2005 Glaetzer Shiraz Amon-Ra Barossa Valley (Australia, Barossa Valley): This was an amazing wine. Have not had one in a few years; well past my loving Aussie phase, but this reminds you why you once did. Sure, everyone jumped in to see who could make it bigger than the other, and actually the much less well known Aussie producers who do actual terroir based wines are world class, older Amon-Ra’s remind you that for sheer drinking pleasure, these could match up with anyone. Yes, the fruit was good, but elements of earth showed themselves everywhere in this wine, giving it minerality I did not expect but certainly appreciated. Young as hell also, this has years and years ahead of it. Wine Advocate gave this a 98, Wine Spectator a 92. I would go 94+.  Many years ahead.  Release price was around $60, now about $100. Just about as good as the wines above, for less than half the price. Recommended.

2008 Vaccelli Sciacarello Ajaccio Roger Courreges (France, Corsica): This is one fantastic wine and an almost certain finalist for a 2013 wine value of the year award. Fantastic purity, simply delicious fruit, light body (almost Burgundy-like), nice minerality, wonderful finish. Wow. I give this a 94.  At the $28 I found this for, one should buy it by the case. Highly Recommended.

2005 Château Rauzan-Ségla (France, Bordeaux, Margaux): Massive structure built for the long haul. Drying tannins make it hard to drink much now, but delicious fruit (not a fruit bomb), cedar, tobacco and other aroma’s and tastes give complexity. Can just imagine this being fantastic in 10-20 years. Wine Spectator gave this a 97, Wine Advocate a 94+, IWC a 92. I go 94.  About $130, but for world class Bordeaux with many, many years ahead.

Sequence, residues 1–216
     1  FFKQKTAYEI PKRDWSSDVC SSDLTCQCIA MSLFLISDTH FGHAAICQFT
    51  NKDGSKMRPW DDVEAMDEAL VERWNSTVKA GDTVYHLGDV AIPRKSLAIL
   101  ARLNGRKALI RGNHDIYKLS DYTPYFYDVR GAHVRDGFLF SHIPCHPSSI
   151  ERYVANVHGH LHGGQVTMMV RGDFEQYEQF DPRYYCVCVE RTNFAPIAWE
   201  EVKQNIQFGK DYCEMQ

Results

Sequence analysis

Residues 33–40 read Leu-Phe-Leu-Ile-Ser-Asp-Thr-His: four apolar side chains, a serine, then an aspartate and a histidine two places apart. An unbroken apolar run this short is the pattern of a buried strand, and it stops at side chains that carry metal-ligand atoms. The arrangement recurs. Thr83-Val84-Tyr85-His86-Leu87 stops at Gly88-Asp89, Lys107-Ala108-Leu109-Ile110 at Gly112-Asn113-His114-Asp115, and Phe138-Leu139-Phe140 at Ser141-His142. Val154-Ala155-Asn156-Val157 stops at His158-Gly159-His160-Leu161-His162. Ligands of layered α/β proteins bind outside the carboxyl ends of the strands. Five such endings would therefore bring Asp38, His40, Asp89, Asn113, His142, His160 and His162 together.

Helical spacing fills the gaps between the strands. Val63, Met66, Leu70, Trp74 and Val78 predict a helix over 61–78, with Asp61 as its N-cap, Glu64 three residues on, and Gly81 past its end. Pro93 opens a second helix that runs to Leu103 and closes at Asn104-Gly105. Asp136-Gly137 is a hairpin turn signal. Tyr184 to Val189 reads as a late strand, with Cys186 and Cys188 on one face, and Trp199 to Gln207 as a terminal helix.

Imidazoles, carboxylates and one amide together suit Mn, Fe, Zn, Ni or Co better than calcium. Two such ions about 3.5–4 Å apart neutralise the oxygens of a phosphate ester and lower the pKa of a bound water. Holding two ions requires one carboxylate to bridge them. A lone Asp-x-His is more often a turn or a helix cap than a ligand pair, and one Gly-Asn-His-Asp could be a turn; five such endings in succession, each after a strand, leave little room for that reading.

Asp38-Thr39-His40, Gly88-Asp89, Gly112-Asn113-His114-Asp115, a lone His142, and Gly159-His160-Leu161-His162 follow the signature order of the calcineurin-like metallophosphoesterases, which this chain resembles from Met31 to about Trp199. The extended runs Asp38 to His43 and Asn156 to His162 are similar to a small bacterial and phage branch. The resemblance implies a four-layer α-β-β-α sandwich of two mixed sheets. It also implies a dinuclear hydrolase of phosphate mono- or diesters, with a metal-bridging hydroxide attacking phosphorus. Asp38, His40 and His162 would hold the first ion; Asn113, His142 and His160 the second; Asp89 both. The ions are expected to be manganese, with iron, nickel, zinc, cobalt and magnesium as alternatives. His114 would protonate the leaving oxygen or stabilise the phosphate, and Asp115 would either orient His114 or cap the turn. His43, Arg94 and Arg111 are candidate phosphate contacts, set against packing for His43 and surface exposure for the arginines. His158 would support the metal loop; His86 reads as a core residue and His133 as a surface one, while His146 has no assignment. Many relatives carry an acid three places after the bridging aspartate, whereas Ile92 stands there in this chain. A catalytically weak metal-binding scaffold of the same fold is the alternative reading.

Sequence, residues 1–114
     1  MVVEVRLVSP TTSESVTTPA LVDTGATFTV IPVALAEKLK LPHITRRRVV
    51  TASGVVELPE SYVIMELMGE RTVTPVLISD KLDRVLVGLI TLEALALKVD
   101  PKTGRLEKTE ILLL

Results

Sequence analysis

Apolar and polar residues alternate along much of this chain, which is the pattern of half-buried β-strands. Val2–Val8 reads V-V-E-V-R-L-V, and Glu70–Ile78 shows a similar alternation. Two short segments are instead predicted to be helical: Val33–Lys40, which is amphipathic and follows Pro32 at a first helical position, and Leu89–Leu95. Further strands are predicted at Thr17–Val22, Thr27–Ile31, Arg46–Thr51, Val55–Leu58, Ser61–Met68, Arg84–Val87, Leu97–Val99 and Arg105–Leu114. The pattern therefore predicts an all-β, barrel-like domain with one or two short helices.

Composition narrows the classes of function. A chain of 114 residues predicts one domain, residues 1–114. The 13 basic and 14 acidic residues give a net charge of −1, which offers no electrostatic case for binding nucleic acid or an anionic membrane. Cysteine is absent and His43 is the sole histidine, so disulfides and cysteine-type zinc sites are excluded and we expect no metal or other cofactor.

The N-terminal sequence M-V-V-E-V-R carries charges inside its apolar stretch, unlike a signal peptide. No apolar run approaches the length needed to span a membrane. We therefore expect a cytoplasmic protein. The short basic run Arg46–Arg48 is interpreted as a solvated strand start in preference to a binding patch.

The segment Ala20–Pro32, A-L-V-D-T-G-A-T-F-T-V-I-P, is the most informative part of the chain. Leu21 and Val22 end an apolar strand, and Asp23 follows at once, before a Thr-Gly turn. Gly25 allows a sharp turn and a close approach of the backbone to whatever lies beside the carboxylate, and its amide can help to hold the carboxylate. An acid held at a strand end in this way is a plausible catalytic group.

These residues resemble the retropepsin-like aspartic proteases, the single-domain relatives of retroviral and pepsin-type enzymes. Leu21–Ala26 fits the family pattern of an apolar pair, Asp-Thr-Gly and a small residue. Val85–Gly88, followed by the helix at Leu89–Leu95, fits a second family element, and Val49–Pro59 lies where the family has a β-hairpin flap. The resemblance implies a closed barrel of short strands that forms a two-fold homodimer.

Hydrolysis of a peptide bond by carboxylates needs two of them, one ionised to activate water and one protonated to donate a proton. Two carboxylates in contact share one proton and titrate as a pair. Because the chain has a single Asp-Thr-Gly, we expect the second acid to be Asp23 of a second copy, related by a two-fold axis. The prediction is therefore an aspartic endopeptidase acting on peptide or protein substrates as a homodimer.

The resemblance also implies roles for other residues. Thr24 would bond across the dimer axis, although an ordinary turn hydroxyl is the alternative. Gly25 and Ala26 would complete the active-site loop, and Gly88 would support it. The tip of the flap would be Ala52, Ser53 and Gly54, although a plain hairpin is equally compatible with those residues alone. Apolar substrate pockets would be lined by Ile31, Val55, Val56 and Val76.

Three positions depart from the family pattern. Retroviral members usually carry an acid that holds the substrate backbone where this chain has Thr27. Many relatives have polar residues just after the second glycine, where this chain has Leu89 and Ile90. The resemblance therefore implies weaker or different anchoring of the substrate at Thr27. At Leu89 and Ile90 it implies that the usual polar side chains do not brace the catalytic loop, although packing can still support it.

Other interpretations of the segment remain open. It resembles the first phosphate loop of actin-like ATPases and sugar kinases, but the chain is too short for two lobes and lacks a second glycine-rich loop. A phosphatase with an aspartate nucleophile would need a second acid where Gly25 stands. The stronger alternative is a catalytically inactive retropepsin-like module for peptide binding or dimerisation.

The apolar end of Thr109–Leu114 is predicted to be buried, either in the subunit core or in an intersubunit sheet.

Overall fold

2001 Vérité La Muse (California, Sonoma County): File this under the “I should not have opened it” category — it is too young, and I already had too much of others. None-the-less, what is past is past, and I will save the next bottle for a decade. Very good, screams Sonoma, excellent Merlot component, nice finish — only time is needed to flush it out a bit more, should become truly outstanding. Wine Advocate gave this the coveted 100 points, Wine Library TV a 93-94 and IWC a 92. I would give it a 93, with plenty of upside potential and a long, long life ahead of it.  Was once able to get these for around $100 or so, but since the 100 point score, you will be lucky to find one less than $320.

2008 Domaine William Fèvre Chablis Grand Cru Bougros Cote de Bouguerots (France, Burgundy, Chablis): Tart, lots of minerality, like drinking rocks. I found it wonderful with many notes, though clearly very, very young and in need of serious bottle age. Score inevitably will reach 95+ on this one with time. Just damn good. IWC gave it a 95-97, Wine Advocate a 95, Wine Spectator a 92. I would go 93+ with lots of upside. A great deal in French Burgundy at $60 on release, now about $80. Recommended.

2006 Cayuse Syrah Cailloux Vineyard (Washington, Columbia Valley, Walla Walla Valley): In the mid-range in terms of the many Cayuse I have had, but that is still praise overall. Traditional Cayuse funk, though not in spades, blue and black fruits, a bit of spice…lots of character. Fun and interesting to drink. WIne Advocate gave this a 98, Wine Spectator a 95, IWC a 94, I would go 93. Release price around $90, at which recommended.  Now about $200, not worth that.